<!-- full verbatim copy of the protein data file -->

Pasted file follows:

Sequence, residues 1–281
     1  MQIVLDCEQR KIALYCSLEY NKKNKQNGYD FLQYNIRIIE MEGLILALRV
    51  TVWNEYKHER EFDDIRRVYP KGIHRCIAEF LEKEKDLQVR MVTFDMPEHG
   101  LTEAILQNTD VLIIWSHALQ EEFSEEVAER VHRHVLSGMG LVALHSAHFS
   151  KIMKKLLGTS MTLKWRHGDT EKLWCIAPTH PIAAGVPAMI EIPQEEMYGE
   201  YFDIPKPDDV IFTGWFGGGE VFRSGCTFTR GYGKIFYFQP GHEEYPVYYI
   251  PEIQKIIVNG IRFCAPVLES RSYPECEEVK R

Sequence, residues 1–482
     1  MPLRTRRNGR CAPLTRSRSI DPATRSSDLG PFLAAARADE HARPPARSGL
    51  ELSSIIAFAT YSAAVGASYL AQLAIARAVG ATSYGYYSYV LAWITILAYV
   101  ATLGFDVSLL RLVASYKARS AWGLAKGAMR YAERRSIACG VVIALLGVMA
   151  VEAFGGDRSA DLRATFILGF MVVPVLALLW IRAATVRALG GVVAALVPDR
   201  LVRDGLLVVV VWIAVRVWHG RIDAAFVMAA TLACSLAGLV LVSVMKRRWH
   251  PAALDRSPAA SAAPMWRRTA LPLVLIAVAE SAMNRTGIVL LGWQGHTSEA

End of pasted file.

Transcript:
Sequence, residues 1–281
     1  MQIVLDCEQR KIALYCSLEY NKKNKQNGYD FLQYNIRIIE MEGLILALRV
    51  TVWNEYKHER EFDDIRRVYP KGIHRCIAEF LEKEKDLQVR MVTFDMPEHG
   101  LTEAILQNTD VLIIWSHALQ EEFSEEVAER VHRHVLSGMG LVALHSAHFS
   151  KIMKKLLGTS MTLKWRHGDT EKLWCIAPTH PIAAGVPAMI EIPQEEMYGE
   201  YFDIPKPDDV IFTGWFGGGE VFRSGCTFTR GYGKIFYFQP GHEEYPVYYI
   251  PEIQKIIVNG IRFCAPVLES RSYPECEEVK R

Sequence, residues 1–482
     1  MPLRTRRNGR CAPLTRSRSI DPATRSSDLG PFLAAARADE HARPPARSGL
    51  ELSSIIAFAT YSAAVGASYL AQLAIARAVG ATSYGYYSYV LAWITILAYV
   101  ATLGFDVSLL RLVASYKARS AWGLAKGAMR YAERRSIACG VVIALLGVMA
   151  VEAFGGDRSA DLRATFILGF MVVPVLALLW IRAATVRALG GVVAALVPDR
   201  LVRDGLLVVV VWIAVRVWHG RIDAAFVMAA TLACSLAGLV LVSVMKRRWH
   251  PAALDRSPAA SAAPMWRRTA LPLVLIAVAE SAMNRTGIVL LGWQGHTSEA